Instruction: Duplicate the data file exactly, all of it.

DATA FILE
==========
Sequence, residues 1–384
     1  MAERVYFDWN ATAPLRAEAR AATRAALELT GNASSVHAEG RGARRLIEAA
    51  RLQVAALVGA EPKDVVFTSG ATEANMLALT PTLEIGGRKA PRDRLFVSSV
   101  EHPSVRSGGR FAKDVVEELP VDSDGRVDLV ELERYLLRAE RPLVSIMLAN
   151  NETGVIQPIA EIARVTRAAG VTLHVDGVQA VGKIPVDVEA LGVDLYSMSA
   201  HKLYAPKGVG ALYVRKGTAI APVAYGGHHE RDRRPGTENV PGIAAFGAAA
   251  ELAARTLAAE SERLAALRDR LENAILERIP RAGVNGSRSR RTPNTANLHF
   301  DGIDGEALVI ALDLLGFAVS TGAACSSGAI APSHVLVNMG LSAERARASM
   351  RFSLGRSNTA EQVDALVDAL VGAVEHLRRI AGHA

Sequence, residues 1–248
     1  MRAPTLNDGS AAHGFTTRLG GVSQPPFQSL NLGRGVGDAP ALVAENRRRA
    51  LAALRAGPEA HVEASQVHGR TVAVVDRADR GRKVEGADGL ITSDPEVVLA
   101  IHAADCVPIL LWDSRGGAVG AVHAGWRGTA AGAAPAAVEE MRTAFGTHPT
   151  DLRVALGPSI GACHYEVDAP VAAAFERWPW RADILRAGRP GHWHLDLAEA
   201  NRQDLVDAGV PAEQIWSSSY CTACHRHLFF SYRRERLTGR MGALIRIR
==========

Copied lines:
Sequence, residues 1–384
     1  MAERVYFDWN ATAPLRAEAR AATRAALELT GNASSVHAEG RGARRLIEAA
    51  RLQVAALVGA EPKDVVFTSG ATEANMLALT PTLEIGGRKA PRDRLFVSSV
   101  EHPSVRSGGR FAKDVVEELP VDSDGRVDLV ELERYLLRAE RPLVSIMLAN
   151  NETGVIQPIA EIARVTRAAG VTLHVDGVQA VGKIPVDVEA LGVDLYSMSA
   201  HKLYAPKGVG ALYVRKGTAI APVAYGGHHE RDRRPGTENV PGIAAFGAAA
   251  ELAARTLAAE SERLAALRDR LENAILERIP RAGVNGSRSR RTPNTANLHF
   301  DGIDGEALVI ALDLLGFAVS TGAACSSGAI APSHVLVNMG LSAERARASM
   351  RFSLGRSNTA EQVDALVDAL VGAVEHLRRI AGHA

Sequence, residues 1–248
     1  MRAPTLNDGS AAHGFTTRLG GVSQPPFQSL NLGRGVGDAP ALVAENRRRA
    51  LAALRAGPEA HVEASQVHGR TVAVVDRADR GRKVEGADGL ITSDPEVVLA
   101  IHAADCVPIL LWDSRGGAVG AVHAGWRGTA AGAAPAAVEE MRTAFGTHPT
   151  DLRVALGPSI GACHYEVDAP VAAAFERWPW RADILRAGRP GHWHLDLAEA
   201  NRQDLVDAGV PAEQIWSSSY CTACHRHLFF SYRRERLTGR MGALIRIR